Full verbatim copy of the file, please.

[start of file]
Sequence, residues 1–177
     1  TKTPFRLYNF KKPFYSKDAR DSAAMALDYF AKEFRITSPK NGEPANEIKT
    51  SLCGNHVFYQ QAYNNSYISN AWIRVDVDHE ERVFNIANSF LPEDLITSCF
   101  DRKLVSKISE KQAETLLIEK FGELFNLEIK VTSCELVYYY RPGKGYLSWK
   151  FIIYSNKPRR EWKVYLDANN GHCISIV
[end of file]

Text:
Sequence, residues 1–177
     1  TKTPFRLYNF KKPFYSKDAR DSAAMALDYF AKEFRITSPK NGEPANEIKT
    51  SLCGNHVFYQ QAYNNSYISN AWIRVDVDHE ERVFNIANSF LPEDLITSCF
   101  DRKLVSKISE KQAETLLIEK FGELFNLEIK VTSCELVYYY RPGKGYLSWK
   151  FIIYSNKPRR EWKVYLDANN GHCISIV